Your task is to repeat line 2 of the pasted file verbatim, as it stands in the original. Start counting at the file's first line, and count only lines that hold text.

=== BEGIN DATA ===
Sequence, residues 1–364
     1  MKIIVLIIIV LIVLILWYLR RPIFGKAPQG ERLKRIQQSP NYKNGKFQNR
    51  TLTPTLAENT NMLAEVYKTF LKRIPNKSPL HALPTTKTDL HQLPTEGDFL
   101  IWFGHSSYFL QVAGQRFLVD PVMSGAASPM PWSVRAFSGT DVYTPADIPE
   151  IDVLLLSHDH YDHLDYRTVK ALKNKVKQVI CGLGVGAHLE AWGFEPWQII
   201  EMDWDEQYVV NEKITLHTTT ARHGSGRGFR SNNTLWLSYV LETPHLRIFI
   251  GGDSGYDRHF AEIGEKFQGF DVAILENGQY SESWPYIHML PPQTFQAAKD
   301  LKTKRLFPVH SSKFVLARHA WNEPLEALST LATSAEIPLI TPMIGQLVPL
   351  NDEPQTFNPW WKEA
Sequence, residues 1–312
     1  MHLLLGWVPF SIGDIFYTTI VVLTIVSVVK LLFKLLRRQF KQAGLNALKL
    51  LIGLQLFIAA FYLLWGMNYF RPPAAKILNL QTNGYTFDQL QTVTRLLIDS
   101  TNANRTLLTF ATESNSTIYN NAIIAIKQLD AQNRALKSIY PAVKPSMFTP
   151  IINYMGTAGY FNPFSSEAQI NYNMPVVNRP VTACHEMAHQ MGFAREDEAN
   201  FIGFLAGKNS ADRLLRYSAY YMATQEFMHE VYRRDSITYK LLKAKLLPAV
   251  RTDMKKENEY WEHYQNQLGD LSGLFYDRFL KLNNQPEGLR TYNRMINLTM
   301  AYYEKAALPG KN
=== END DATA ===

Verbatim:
     1  MKIIVLIIIV LIVLILWYLR RPIFGKAPQG ERLKRIQQSP NYKNGKFQNR